There are so many considerations. Rescue work can be an emotional roller-coaster of highs and lows – our helpful thoughts list may help you decide if running a rescue is right for you.
Time & Emotional Support
It’s important to understand that the Rescue is “YOU” – even with reliable volunteers the “buck” really does stop with you.
There may be times when you feel completely alone with the burden that running a rescue can bring and emotional burnout is sadly common in rescue work.
It really is essential you have the time to devote and support from family and volunteers as it can be easy to underestimate the impact rescue work can have on your life quality and all those around you. Even when the best outcome comes along of re-homing a rabbit to a new home, there is a wealth of work involved such as home checks and support for the new owners which very often goes on beyond the initial rabbit re-homing.
Consider a disaster recovery plan – what would happen if you were suddenly taken away from the rescue for any reason – do you have family or reliable volunteers you could call on for help to feed and medicate in your absence.
The requirement to multi-skill whilst keeping emotions in check in highly challenging situations can be very hard and emotially draining. Take some time to think about areas you may need extra help with, are you comfortable training
volunteers? Can you delegate tasks easily? Can you give direction? Can you give emotional support to those giving up their pets? Can you make the decision to put an animal to sleep if needed? Can you be non-judgemental?
When finances are tight, can you choose between financing expensive treatments for an animal with a chronic condition or offering a rescue place to a healthy one?
Are you going to provide additional services such as bonding, boarding, education?
A well thought-out plan will help to increase the chance of success for your rescue. In offering these services it will be necessary to have strong administrative skills or someone to do this for you in creating supportive documents such as boarding contracts, general education and advice literature.
Do you have access to a neutral bonding area and time for additional ongoing support which is very often required for both successful and unsuccessful rabbit bondings.
Finances and funding require thought and planning.
The list of expenditure is endless. Essentials such as adequate welfare housing, food, regular vaccinations & general veterinary care, Insurances are just the starting point of escalating costs involved in running a rescue.
Investigate how you might manage fundraising – it’s unlikely you will have the time to do this yourself – are you able to have a responsible, trustworthy person to manage this on your behalf.
Local Planning Permissions may apply depending on your rescue location. Also keep in mind that neighbour disputes & complaints can arise from increased car parking, aviary sheds/hutches. Local Authorities have power of closure. Unfortunately should this happen the animals can then become an increased pressure in attempting to find alternative rescue placements.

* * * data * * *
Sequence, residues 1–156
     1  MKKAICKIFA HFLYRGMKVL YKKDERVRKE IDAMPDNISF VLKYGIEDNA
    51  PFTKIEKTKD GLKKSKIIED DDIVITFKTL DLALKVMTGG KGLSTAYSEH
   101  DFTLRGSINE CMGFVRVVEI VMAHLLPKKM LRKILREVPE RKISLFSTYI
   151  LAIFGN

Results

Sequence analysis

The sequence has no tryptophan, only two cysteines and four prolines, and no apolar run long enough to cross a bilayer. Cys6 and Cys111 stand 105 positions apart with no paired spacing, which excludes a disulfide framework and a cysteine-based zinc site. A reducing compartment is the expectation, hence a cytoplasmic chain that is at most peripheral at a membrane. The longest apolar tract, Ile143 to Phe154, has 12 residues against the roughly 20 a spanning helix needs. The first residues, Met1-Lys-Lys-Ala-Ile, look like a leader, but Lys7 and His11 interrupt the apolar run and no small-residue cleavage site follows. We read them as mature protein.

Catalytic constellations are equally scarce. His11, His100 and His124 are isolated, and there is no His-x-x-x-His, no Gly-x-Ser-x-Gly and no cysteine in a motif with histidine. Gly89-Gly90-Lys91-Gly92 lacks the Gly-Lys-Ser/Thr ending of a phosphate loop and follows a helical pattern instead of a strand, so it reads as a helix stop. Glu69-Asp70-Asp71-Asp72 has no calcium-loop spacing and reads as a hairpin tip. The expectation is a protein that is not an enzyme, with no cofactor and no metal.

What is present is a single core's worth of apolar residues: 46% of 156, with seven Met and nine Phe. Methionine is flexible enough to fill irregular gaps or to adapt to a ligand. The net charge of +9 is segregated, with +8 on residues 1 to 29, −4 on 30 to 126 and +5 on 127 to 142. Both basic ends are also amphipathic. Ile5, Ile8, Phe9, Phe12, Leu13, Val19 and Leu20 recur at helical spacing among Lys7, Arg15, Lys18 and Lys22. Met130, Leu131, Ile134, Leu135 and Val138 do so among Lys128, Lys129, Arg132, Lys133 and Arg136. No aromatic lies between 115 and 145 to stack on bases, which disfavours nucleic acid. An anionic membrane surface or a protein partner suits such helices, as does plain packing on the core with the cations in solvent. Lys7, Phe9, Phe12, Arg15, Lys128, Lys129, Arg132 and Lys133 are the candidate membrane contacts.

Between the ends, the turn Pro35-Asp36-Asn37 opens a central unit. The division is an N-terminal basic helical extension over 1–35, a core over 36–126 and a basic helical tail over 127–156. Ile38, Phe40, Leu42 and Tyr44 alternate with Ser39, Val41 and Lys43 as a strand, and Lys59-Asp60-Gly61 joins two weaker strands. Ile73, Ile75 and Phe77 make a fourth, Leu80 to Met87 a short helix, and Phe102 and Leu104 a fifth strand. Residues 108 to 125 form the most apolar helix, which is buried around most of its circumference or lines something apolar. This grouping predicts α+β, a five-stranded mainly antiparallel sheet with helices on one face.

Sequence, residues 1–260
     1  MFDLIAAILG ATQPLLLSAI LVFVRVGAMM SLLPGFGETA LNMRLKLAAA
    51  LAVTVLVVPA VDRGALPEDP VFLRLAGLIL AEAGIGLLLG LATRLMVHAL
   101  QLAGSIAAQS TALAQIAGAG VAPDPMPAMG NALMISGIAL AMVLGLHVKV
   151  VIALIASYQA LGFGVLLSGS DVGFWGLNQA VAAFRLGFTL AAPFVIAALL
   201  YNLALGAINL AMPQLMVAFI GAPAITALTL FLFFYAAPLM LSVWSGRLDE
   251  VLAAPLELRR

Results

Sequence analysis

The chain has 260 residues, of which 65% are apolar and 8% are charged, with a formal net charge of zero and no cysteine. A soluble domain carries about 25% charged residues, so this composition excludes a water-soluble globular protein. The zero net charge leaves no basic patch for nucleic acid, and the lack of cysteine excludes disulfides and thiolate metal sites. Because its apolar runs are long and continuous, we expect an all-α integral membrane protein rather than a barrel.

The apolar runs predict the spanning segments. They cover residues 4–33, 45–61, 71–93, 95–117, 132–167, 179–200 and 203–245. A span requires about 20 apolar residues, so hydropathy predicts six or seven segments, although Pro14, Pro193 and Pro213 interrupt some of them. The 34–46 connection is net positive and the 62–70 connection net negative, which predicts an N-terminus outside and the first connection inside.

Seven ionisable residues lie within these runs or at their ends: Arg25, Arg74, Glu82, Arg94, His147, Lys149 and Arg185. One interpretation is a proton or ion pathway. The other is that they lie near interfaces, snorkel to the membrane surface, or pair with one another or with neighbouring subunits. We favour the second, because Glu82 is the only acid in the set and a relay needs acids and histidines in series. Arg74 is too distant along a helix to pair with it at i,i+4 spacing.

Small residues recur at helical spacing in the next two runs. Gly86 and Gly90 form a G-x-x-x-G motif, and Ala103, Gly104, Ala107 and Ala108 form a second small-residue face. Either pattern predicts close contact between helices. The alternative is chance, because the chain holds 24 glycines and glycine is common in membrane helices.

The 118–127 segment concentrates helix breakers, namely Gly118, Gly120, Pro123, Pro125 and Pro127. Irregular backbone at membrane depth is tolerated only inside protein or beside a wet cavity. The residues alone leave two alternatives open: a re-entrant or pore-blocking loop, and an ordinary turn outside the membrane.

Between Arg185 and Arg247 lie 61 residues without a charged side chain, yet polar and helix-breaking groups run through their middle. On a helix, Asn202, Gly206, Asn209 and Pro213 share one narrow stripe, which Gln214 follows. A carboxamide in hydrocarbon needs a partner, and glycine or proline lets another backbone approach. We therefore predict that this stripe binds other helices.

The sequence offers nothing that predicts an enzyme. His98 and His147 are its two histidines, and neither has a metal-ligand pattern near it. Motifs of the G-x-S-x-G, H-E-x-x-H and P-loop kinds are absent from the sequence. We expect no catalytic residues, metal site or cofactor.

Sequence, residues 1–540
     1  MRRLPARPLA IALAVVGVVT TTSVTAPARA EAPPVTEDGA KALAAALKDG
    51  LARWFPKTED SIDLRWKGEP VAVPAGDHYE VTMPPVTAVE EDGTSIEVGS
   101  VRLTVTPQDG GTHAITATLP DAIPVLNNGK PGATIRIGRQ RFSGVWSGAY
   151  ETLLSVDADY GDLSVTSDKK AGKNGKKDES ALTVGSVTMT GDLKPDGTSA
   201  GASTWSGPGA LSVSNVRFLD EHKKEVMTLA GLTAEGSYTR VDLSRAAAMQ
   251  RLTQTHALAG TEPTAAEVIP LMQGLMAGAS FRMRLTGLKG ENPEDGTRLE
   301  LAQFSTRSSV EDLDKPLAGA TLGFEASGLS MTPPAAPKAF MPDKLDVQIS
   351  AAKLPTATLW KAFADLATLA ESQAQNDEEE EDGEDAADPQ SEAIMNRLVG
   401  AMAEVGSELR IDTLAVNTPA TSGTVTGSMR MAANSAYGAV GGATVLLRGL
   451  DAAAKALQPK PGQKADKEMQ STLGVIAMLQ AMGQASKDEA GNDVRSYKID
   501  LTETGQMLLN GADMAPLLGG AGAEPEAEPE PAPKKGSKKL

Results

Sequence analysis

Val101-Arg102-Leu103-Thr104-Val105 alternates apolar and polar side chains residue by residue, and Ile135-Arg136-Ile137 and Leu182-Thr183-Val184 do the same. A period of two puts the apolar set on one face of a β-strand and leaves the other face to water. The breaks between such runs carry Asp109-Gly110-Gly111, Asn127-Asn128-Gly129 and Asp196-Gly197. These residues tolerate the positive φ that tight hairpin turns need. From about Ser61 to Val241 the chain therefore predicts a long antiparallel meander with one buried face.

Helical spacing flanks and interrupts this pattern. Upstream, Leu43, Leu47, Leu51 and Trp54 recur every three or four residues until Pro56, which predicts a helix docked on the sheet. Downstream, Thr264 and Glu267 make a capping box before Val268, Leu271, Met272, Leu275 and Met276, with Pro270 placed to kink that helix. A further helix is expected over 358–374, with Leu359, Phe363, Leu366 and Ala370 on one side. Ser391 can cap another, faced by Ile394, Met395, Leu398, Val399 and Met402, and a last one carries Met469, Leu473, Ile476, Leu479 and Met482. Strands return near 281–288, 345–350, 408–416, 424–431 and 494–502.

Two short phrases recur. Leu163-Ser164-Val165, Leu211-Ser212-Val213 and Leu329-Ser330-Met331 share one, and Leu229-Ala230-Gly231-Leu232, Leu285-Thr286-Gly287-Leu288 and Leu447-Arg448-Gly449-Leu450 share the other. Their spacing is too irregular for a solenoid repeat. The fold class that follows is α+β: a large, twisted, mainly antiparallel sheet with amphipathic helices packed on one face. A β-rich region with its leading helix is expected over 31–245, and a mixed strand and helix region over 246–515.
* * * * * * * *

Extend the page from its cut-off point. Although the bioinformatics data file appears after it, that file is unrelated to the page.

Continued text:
Investigate your nearest rabbit savvy vets. Arrange a visit to establish their services. It may be worth researching nearest specialist referral vets in case more challenging vet care is needed. Talk to your vets about their payment policy – is it pay as you go or are account facilities available.
With increasing outbreaks of rabbit viruses it will be essential to have a biohazard plan in place. Consider how you would implement this if the worst happens.
What is your rescue policy regarding boarding rabbits and quarantine areas for new arrival rescue rabbits?
A waste management licence is normally required for regular tipping of rabbit waste and you may need to invest in a dedicated laundry area for washing of bedding for special needs rabbits and reduce cross contamination of disease.
Know your Limits
You will need the emotional strength to be able say “No room at the Rabbit Inn”
It’s very hard to try not to see yourself as the only solution and continue to take in rabbits regardless of the impact on your finances and resources as well as the impact on rabbits already in your care. Do not wait until you are in a crisis situation to ask for help.
Utilise social community to get to know other rescues where you can share information and offer each other support. Social communities can also be a great way of keeping up to date with news, changes to legislation, veterinary/medical information.
Rescues are always in need of dedicated volunteers – why not try some regular volunteer work, it’s a great way to learn about all the highs and lows of rescue work and how much of a committed lifestyle is required in running a rescue. You wlll also have access to a wealth of experience and guidance to help you in your decision of running a rescue.
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